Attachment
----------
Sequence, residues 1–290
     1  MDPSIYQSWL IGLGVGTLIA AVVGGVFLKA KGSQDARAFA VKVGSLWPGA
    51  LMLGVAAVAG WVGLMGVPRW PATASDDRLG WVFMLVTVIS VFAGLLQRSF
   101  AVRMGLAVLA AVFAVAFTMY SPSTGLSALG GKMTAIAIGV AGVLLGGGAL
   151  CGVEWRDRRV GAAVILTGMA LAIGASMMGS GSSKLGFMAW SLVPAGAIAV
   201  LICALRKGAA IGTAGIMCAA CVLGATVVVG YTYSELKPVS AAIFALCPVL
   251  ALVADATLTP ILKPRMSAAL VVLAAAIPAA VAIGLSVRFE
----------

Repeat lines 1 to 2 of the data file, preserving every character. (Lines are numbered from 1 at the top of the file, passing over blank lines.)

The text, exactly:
Sequence, residues 1–290
     1  MDPSIYQSWL IGLGVGTLIA AVVGGVFLKA KGSQDARAFA VKVGSLWPGA